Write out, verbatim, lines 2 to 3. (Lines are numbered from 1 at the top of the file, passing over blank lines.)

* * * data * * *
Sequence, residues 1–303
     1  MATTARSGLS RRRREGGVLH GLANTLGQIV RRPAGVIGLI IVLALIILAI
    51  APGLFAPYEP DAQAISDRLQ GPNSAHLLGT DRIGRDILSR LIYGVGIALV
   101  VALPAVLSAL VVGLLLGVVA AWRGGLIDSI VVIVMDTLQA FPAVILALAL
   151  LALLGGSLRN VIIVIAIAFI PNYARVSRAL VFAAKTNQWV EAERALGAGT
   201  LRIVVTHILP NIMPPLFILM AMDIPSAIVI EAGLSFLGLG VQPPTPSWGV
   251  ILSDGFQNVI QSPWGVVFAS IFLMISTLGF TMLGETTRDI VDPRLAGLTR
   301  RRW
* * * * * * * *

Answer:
     1  MATTARSGLS RRRREGGVLH GLANTLGQIV RRPAGVIGLI IVLALIILAI
    51  APGLFAPYEP DAQAISDRLQ GPNSAHLLGT DRIGRDILSR LIYGVGIALV